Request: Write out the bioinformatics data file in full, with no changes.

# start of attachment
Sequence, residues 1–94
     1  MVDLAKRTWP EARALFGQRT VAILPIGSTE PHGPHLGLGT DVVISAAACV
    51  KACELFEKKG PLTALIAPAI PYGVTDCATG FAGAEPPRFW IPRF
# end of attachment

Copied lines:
Sequence, residues 1–94
     1  MVDLAKRTWP EARALFGQRT VAILPIGSTE PHGPHLGLGT DVVISAAACV
    51  KACELFEKKG PLTALIAPAI PYGVTDCATG FAGAEPPRFW IPRF